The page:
We as people, and more specifically as parents, can work toward a deeper understanding of one another by simply sharing life together with friends and neighbors who are different, making an effort to connect with people in your immediate surroundings. Relationships reduce stereotypes and prejudice and foster empathy, a deeper understanding and sensitivity to the feelings and experiences of other people.
Play at a playground outside your neighborhood, schedule a play date with someone outside your typical social circle, or share a meal together! The simple act of sharing a meal is a powerful way to connect and share traditions and values with other families.
While sharing life together is an ideal way of gaining insight into the stories of others, reading diverse books, for yourself and to your children, is also incredibly important.
Rudine Sims Bishop uses the terms mirror books and window books to describe what happens when we read a book in that we can both see ourselves and/or see others in the characters and stories.
How often do we fill our bookshelves with mirror books and miss the opportunity to provide our children with windows of opportunities to see the beautiful diversity of life on this planet?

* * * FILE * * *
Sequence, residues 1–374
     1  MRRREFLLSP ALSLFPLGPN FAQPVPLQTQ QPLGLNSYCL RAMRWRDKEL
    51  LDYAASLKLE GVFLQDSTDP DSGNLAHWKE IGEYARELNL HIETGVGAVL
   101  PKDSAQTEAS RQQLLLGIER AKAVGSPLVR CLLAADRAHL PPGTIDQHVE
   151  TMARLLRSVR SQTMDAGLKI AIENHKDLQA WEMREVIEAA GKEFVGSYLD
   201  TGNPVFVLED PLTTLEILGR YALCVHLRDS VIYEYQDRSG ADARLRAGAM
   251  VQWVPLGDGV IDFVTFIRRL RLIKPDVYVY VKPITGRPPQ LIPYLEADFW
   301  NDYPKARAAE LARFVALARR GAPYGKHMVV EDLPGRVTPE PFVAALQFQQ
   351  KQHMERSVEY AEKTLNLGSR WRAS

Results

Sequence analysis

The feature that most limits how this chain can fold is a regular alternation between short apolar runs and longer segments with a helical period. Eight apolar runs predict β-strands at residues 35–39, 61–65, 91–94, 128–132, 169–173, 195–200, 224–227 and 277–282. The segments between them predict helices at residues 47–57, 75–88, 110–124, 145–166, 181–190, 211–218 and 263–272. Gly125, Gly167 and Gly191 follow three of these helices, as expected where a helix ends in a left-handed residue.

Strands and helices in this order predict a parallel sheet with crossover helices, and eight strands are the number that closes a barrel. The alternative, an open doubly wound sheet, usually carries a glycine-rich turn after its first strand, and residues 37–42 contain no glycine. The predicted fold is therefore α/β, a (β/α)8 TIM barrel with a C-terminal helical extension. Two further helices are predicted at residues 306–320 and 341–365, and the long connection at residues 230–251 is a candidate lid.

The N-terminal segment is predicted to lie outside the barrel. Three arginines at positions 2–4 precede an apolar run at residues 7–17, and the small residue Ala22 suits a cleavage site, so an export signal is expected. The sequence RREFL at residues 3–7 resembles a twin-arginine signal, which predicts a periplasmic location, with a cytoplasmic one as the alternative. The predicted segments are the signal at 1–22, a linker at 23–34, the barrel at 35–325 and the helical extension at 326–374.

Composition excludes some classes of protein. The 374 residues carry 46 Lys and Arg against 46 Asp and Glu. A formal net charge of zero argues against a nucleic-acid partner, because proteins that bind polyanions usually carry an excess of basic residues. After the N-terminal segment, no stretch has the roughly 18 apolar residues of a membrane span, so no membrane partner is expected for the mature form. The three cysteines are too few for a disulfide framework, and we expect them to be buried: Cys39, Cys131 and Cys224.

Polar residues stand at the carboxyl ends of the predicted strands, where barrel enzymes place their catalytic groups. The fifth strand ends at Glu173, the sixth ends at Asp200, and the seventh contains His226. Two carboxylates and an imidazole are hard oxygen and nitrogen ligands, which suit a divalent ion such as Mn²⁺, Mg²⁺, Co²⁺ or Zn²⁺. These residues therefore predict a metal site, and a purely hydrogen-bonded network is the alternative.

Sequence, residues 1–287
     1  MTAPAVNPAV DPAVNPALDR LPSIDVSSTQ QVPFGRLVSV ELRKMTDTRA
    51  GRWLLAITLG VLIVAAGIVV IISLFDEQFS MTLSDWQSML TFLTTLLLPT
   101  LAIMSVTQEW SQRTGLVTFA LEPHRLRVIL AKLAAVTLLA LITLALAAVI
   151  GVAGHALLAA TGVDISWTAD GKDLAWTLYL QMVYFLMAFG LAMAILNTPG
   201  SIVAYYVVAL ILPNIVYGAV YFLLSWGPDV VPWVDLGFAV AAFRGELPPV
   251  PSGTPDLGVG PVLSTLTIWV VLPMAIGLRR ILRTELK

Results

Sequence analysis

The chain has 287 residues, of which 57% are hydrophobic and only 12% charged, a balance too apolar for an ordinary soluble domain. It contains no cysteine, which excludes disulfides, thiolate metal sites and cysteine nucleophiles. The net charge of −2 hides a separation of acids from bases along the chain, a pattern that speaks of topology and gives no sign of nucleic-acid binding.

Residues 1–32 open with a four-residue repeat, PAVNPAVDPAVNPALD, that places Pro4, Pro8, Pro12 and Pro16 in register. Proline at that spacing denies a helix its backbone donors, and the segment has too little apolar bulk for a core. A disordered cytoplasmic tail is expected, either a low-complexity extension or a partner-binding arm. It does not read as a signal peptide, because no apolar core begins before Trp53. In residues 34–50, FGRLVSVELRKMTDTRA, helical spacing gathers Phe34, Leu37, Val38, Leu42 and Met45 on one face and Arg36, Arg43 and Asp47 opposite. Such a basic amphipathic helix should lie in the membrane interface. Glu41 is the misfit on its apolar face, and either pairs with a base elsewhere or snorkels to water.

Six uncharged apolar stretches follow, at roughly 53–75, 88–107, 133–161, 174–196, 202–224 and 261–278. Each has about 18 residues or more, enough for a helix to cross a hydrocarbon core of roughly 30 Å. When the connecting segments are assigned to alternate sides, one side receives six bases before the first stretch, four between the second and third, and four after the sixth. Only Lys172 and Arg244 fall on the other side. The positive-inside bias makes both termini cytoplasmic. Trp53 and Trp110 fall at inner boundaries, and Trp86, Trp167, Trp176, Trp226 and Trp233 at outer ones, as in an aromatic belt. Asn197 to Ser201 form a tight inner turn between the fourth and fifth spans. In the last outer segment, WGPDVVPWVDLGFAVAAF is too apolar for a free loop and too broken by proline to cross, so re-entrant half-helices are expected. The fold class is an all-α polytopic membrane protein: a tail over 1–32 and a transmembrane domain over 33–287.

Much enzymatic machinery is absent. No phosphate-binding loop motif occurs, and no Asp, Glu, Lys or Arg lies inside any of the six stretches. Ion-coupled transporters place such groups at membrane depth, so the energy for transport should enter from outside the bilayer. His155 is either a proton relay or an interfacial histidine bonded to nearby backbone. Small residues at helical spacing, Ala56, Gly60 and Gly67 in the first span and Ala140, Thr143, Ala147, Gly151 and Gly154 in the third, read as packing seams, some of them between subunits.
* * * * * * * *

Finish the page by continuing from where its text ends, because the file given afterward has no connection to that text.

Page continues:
We can do better. We must do better. Our children need to realize that not everyone looks the same, eats the same foods, shares the same religious holidays, or has the same type of family as they do. They also need to see a part of themselves in others––the ability to laugh, learn, dream, and care for one another.
Stories have a way of connecting us in a way that is unparalleled. God made us in God’s image. ALL of us. With a thoughtful and diverse selection of books, we can take further steps toward nurturing empathy in our children and teaching them to value and respect ALL of God’s children.
BOOKS TO GET STARTED
I reached out to my online Christian educator community and am happy to share with you some of their favorites. I have also included a few websites and an Instagram account that I plan to check out for our own home library. This is not exhaustive, so please feel free to add your favorites in the comment section!
- God’s Very Good Idea: A True Story of God’s Delightfully Different Family by Trillia Newbell
- Just Mercy by Bryan Stevenson
- The No. 1 Car Spotter Series by Atinuke
- Little Leaders Bold Women in Black History by Vashti Harrison
- I’m a Pretty Little Black Girl by Betty K. Bynum
- When God Made You by Matthew Paul Turner
- Esperanza Rising by Pam Munoz Ryan
- Please Baby Please by Spike Lee and Tonya Lewis Lee
- Baseball Saved Us by Ken Mochizuki
- Seeds of Change: Planting a Path to Peace by Jen Cullerton Johnson
- Ling and Ting books and others by Grace Lin
- Authors Jacqueline Woodson, Matt de la Pena, Susan Middleton Elya, Roseanne Thong, Ezra Jack Keats, Linda Sue Park
“It is time for parents to teach young people early on that in diversity there is beauty and there is strength.” Maya Angelou
Note from the Editorial Team: Engaged Pentecostalism is a community that values open dialogue and respectful engagement from different perspectives. The views expressed above are the author's own and do not reflect those of every part of the community.